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Benign Prostatic Hyperplasia (BPH)

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What is Benign Prostatic Hyperplasia?

Benign prostatic hyperplasia (BPH), also known as enlarged prostate, is a noncancerous enlargement of the prostate gland that occurs when the cells of the prostate gland multiply. It is typically caused by age, and usually does not require treatment.

The prostate gland is a walnut-sized organ located in front of the rectum and right below the bladder. Its function is to produce part of the seminal fluid, the solution that carries sperm.

The prostate gland surrounds the urethra, the tube that carries urine and semen through the penis and out of the body.

BPH affects the inner part of the prostate first, the part that encircles the urethra as it leaves the bladder. As the prostate grows, it may begin to squeeze the upper part of the urethra and restrict the flow of urine.

Benign Prostatic Hyperplasia Causes

The chance of developing BPH increases with age. More than half of men over age 50 have BPH. By age 80, about 80 percent of men have enlarged prostates.

Additional causes include:

  • Family history
  • Diabetes/heart disease
  • Lifestyle

Benign Prostatic Hyperplasia Symptoms

Only 40 to 50 percent of men actually develop any symptoms due to BPH. These symptoms may include:

  • Weak or intermittent urine flow
  • Difficulty starting or stopping urination
  • Feeling of being unable to empty the bladder completely
  • The need to urinate frequently, especially at night

Diagnosing Benign Prostatic Hyperplasia

The doctor will usually press on and manipulate (palpate) the abdomen and sides to detect signs of kidney or bladder abnormalities. The doctor will also check for signs of anemia or swelling in the legs and arms.

Certain procedures that test reflexes, sensations, and motor response may be performed in the lower extremities to rule out possible neurologic causes of the bladder dysfunction.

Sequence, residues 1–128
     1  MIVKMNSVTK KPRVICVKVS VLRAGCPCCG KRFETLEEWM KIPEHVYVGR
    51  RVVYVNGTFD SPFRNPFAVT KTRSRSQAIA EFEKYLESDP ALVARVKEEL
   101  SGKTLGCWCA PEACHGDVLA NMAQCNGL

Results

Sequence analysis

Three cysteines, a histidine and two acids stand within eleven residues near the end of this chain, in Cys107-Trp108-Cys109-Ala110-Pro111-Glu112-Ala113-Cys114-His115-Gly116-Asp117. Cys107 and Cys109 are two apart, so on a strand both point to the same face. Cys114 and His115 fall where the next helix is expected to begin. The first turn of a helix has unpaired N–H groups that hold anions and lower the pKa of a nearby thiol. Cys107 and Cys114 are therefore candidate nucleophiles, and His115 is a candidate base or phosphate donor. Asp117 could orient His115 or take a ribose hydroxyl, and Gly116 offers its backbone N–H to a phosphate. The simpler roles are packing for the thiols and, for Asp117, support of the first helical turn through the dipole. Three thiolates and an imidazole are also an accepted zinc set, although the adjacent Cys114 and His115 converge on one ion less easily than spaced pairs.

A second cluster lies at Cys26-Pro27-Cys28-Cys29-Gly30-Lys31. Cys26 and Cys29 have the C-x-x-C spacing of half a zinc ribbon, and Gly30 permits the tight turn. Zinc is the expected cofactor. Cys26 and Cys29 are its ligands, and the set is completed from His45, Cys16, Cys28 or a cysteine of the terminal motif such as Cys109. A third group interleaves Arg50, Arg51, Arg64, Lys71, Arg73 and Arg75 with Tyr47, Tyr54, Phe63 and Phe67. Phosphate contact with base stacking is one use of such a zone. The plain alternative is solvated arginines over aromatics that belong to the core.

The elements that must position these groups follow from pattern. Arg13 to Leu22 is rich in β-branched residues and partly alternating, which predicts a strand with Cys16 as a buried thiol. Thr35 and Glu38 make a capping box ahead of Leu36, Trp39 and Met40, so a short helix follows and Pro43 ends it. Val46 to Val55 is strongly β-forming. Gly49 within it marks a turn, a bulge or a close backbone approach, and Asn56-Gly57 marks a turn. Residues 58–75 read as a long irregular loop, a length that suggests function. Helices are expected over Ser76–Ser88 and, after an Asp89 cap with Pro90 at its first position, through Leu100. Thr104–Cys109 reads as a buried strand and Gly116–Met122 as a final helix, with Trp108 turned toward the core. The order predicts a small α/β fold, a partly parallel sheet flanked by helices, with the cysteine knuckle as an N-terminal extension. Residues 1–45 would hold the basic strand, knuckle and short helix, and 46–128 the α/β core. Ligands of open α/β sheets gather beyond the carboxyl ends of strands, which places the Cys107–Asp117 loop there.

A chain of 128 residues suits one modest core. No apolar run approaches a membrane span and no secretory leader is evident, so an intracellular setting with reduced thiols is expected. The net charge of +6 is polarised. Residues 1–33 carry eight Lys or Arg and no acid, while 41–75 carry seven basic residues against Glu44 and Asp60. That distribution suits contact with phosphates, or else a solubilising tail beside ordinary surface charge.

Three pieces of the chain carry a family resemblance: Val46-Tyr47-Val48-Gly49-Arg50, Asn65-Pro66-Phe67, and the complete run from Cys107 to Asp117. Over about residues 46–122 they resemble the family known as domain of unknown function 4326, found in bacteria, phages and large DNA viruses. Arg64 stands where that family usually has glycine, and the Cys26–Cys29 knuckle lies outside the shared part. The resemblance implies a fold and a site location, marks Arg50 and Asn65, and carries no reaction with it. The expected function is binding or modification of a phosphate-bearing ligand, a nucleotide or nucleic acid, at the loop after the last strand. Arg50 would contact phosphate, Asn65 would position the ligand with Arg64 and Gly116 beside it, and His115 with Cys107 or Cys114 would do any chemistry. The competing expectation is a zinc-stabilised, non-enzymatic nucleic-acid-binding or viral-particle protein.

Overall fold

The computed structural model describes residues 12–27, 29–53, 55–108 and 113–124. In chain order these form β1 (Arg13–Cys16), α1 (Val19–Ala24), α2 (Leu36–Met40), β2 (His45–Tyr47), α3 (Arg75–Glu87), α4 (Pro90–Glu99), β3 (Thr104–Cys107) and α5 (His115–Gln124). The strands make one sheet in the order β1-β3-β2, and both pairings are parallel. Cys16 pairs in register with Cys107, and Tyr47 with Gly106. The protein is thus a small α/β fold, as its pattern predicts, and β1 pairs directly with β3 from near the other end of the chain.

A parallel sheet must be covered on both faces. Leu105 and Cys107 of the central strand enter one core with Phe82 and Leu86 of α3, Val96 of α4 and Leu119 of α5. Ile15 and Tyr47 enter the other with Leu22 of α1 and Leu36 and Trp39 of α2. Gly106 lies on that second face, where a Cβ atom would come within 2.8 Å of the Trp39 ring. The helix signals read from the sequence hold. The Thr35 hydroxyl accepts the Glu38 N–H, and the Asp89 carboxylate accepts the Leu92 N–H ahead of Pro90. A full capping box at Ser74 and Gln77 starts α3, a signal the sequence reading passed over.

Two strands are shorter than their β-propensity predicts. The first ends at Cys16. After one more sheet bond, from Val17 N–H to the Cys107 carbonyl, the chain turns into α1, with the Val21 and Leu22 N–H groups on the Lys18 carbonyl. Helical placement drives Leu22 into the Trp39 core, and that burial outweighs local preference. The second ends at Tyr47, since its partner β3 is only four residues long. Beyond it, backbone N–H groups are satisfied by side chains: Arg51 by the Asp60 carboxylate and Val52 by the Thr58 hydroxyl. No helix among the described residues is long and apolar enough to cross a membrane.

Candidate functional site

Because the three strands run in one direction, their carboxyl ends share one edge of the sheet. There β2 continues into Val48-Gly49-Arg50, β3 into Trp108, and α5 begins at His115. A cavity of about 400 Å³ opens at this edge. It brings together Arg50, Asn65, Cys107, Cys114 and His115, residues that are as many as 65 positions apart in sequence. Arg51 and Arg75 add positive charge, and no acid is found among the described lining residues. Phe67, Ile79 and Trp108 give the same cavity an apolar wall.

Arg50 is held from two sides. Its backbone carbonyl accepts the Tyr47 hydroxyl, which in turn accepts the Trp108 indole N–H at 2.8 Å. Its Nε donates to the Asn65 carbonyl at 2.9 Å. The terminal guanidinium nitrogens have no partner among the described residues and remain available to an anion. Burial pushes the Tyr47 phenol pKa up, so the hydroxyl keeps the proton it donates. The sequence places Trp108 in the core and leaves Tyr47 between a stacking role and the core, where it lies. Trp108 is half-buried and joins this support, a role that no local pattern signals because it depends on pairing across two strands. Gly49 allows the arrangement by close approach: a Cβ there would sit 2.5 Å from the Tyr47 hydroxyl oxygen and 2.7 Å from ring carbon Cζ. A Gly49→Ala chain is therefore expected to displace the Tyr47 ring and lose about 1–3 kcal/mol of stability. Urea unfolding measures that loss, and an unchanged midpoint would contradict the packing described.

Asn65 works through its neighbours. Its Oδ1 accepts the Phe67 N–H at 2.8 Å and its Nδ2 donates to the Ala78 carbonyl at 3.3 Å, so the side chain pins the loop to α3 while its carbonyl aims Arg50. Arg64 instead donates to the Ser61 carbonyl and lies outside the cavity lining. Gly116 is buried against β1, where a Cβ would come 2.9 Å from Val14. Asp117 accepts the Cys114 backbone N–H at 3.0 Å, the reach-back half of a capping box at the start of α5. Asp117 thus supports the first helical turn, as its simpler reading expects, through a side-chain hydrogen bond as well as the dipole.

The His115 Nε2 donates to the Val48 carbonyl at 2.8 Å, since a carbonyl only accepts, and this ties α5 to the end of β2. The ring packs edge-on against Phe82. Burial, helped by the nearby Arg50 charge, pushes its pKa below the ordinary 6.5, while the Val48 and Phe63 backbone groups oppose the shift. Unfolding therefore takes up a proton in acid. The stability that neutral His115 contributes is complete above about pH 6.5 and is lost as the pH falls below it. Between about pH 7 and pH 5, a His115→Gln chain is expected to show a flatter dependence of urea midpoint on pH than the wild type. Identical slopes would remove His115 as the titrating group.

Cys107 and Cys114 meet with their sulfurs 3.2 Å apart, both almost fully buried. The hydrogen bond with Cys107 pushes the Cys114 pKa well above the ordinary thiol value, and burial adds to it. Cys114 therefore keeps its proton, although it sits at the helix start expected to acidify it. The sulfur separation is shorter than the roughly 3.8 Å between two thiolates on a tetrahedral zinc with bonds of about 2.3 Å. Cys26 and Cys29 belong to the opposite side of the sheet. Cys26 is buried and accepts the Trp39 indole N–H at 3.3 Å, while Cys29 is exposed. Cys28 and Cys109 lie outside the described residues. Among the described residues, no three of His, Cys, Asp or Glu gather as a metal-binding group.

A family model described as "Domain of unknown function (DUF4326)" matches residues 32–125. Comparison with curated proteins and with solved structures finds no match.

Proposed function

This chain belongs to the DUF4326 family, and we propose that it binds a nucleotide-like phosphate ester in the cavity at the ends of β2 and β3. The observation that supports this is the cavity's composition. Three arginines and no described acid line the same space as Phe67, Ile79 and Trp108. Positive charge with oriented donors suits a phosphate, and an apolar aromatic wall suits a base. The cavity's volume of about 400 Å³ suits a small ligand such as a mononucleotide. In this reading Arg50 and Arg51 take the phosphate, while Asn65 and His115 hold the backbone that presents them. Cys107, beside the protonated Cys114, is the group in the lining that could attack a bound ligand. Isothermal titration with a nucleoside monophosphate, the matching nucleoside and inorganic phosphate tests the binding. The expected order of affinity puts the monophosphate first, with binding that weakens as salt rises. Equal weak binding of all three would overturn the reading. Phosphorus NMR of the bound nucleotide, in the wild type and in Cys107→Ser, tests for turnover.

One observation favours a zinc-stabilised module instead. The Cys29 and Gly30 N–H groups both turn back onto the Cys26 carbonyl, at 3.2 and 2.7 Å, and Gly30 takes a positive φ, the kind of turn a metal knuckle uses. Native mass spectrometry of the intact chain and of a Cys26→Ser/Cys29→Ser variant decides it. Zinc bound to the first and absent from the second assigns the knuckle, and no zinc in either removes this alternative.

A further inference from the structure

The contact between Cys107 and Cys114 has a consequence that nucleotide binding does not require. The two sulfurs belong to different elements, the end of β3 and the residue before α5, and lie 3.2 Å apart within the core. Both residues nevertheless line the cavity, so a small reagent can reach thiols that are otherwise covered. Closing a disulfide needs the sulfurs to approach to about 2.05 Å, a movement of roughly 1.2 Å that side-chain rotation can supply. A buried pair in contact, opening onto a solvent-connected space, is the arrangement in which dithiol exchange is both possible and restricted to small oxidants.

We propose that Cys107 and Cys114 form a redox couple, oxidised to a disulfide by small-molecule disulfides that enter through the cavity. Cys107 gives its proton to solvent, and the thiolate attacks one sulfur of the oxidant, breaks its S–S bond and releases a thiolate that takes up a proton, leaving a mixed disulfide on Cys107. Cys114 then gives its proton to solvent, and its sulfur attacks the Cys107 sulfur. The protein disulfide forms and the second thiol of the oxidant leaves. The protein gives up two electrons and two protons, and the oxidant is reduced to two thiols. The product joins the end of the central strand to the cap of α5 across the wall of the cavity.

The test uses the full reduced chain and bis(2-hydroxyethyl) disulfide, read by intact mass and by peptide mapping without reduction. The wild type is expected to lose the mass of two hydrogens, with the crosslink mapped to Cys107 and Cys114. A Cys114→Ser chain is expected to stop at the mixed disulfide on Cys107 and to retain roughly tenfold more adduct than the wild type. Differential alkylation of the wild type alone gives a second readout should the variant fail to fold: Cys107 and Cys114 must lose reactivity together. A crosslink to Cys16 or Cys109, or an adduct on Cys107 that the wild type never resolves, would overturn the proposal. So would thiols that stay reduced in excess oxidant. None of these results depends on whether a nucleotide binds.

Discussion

There are several tools and examinations the doctor may use to diagnose or rate the severity of your condition, including:

Indexing tool

An indexing tool called the International Prostate Symptoms Score (IPSS) can help evaluate the key lower urinary tract symptoms. Unlike laboratory tests or other objective tests, this scoring system measures the patient's own experience. The higher the s core, the more severe the condition. It is useful for many reasons:

  • The patient's score on this test gives a highly accurate assessment of the effect of lower urinary tract symptoms on the quality of a man's life.
  • It is a reasonable basis from which the patient and physician can discuss treatment options.
  • The index is also often used to gauge treatment outcomes and may be a better indicator of success than objective tests, such as the measurement of the prostate gland or the rate of urine flow.

It should be noted that the IPPS is useful only as a gauge of symptom severity, and has the following limitations:

  • Other conditions can produce similar scores, so the test is not used as a diagnostic tool for BPH.
  • The index does not include other urinary symptoms, such as dribbling and incontinence or sexual health, which are important for the quality of life. At the very least, the patient should have a frank discussion with his physician if such symptoms are present and affect his life.
  • It also does not reflect regional or ethnic differences that can vary the responses to these symptoms.

Digital rectal exam

A finger is placed into the rectum to assess the size of the prostate and to detect any abnormal nodules (lumps) that may require further investigation.


  • The patient is instructed not to urinate for several hours before the test and to drink plenty of fluids so he has a full bladder and a strong urge to urinate.
  • To perform the test, a patient urinates into a special toilet equipped with a uroflometer.
  • It is important that the patient remains still while urinating to help ensure accuracy, and that he urinates normally and does not exert strain to empty his bladder or attempt to retard his urine flow.

Many factors can affect urine flow (such as straining or holding back because of self-consciousness) so experts recommend that the test be repeated at least twice.

The rate of urine flow is calculated as milliliters of urine passed per second (mL/s). At its peak, the flow rate measurement is recorded and referred to as the Q [max]. The higher the Q [max], the better the patient's flow rate. Men with a Q [max] of less th an 12 mL/s have four times the risk for urinary retention than men with a stronger urinary flow.